For an administration that has so cunningly displaced government with marketing, the border fence was a PR problem from the start. Aside from the fact that it's a costly mess of a project that has angered people across the political spectrum, on the ground in Texas, Arizona, and other states, the administration has infuriated local municipalities by systematically overriding their say in what happens in their own backyard. (In Texas, to date, it has sued 50 landowners for access to their properties.) The massive project has even underscored the country's reliance on immigrant labor. In one rather delicious twist of irony, two months after Bush signing the Secure Fence Act, a California company called Golden State Fence Company was forced pay some $5 million in fines for hiring illegal immigrants. Around the same time, a December 2006 study by the Congressional Research Service estimated that the cost of building a double steel fence -- which supporters of the wall argue is necessary for it to be effective -- at a whopping $49 billion, a figure that didn't even include the high cost of acquiring hundreds of miles of private land or, for that matter, the high cost of private contractors who would likely be doing the job.

It didn't help that the idea of a border fence had become associated with wingnuts like the Minutemen, an anti-immigrant group founded in 2004 by retired accountant Jim Gilchrist, who decided that when it came to enforcing the border, it was time for people to take matters into their own hands. Recently, infighting has dragged the down the movement -- Arizona-based Minuteman Civil Defense Corps leader Chris Simcox, who once lovingly described the fence to be as "our high-tech, double-layered gauntlet of deterrent" has been accused of massive mismanagement of member donations -- and last fall, CNN aired an embarrassing report on the Minutemen, partly laying out what their efforts have wrought. (The answer: A "cow" fence. And a lot of confusion.)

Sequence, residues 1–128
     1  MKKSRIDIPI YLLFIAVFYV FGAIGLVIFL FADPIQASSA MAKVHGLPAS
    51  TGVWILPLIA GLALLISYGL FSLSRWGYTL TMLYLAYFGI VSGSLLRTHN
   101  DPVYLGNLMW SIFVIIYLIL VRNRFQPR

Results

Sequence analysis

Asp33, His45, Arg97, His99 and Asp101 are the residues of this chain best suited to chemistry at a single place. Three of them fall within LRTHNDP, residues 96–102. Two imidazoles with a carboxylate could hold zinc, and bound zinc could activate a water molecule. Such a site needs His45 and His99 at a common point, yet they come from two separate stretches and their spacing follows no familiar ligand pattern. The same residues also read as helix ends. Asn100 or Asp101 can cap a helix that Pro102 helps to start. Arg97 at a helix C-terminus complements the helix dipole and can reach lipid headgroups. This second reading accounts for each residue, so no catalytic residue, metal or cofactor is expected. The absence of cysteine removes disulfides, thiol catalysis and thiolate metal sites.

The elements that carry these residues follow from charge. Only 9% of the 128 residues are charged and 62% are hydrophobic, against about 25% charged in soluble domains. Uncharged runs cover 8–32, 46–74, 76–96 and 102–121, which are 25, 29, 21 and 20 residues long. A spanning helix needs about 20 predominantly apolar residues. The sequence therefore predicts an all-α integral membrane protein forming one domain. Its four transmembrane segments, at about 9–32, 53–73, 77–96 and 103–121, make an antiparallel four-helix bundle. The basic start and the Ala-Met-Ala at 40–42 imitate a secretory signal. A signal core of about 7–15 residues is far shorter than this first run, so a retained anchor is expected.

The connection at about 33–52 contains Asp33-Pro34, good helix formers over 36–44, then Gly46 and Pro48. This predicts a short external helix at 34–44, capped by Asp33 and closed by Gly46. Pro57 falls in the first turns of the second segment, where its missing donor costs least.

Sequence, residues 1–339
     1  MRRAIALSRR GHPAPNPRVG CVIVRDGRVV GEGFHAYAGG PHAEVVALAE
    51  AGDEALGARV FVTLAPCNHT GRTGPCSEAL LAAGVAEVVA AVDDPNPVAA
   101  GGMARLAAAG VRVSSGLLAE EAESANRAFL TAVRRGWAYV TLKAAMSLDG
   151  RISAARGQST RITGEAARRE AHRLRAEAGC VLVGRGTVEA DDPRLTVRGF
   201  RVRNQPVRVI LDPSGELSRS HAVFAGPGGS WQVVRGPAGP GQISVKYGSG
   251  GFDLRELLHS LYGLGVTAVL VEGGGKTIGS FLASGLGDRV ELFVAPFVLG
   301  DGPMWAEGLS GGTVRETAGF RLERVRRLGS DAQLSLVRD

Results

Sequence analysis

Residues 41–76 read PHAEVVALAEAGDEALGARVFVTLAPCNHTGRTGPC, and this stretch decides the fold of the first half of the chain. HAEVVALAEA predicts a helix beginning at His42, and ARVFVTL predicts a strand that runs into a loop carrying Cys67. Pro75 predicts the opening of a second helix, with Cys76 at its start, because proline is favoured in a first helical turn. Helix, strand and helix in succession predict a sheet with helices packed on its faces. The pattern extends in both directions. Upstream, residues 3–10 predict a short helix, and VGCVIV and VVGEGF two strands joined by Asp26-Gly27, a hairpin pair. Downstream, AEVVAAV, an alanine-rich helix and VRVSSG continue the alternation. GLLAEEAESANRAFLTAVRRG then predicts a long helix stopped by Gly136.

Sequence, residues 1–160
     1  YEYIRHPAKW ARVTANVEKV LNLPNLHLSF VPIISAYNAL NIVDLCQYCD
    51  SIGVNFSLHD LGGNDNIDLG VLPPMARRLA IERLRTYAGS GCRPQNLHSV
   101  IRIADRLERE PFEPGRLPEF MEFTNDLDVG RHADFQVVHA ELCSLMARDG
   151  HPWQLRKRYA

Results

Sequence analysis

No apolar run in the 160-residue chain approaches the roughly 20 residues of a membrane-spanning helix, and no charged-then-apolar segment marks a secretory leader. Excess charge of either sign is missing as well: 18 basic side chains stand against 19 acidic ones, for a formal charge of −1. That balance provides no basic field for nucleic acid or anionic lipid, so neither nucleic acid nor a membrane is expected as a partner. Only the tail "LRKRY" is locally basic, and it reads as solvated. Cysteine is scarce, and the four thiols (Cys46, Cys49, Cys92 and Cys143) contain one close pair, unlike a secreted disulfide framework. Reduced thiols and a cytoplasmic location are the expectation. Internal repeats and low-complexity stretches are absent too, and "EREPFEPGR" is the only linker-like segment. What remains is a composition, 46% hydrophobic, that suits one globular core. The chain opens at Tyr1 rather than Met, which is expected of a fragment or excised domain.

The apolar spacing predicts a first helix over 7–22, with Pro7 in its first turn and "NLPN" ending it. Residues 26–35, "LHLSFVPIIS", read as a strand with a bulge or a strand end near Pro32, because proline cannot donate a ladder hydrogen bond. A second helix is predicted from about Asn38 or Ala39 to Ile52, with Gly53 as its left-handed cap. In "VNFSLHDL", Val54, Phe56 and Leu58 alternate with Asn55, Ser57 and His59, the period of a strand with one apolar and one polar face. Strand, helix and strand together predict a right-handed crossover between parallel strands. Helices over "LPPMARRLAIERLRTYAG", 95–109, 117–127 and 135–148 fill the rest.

On the government side, the border fence project has been plagued with management and technical problems -- particularly the "virtual" fence that DHS has made a priority. This past February, the Government Accountability Office released a report on "Project 28" -- a surveillance initiative focusing on 28 miles of the Arizona border -- concluding that the project is severely delayed. A contract to implement the project was awarded to Boeing in September 2006 to the tune of $67 million. (It has actually been paid over $85 million.) Halfway into its three-year contract, it became clear it was becoming a costly failure. At a government hearing on Feb 27, 2008, DHS officials admitted to myriad technical setbacks, including problems with Boeing's software. Gregory Giddens, head of the DHS Secure Border Initiative, said the virtual fence will be finished some time in 2011 instead of by the end of this year.

(Meanwhile, a frustrated Michael Chertoff, who once sported a welding mask for CNN cameras to demonstrate his commitment to the border fence, jotted down angsty musings on his DHS "Leadership Blog." "I've seen this system work with my own eyes, and I've talked with the Border Patrol Agents who are using it. They assure me that it adds value. That's what matters to me, and it's a fact that cannot be denied.")

Anti-immigrant activists have been angered by such setbacks, arguing that the concrete wall has always been the way to go. As Ira Mehlman, national media director for anti-immigrant Federation for American Immigration Reform said last month: "the virtual border fence is virtually useless and an actual waste of money."

News of Chertoff's power grab on Tuesday should please those who want the government to stop screwing around with costly technology and build that concrete wall already. On CNN Tuesday, Lou Dobbs (whose new life mission seems to be to convince the American public that battling immigration is the most important part of the War on Drug) applauded the measure, praising Chertoff -- "Good for him. This shows real resolve" -- while also (rather hilariously) anticipating the protests that will follow from what he called those "snarky little chipmunks on the left."

Despite Chertoff's claims that the border fence can be completed by the end of 2008, its construction will more than likely extend into a new presidential administration, meaning that either Obama, Clinton or McCain will inherit the project. At this point, none will say anything of substance about how they will take it on. With immigration poised to be a major campaign issue, now would be a good time for them to recognize it for the misguided mess that it is.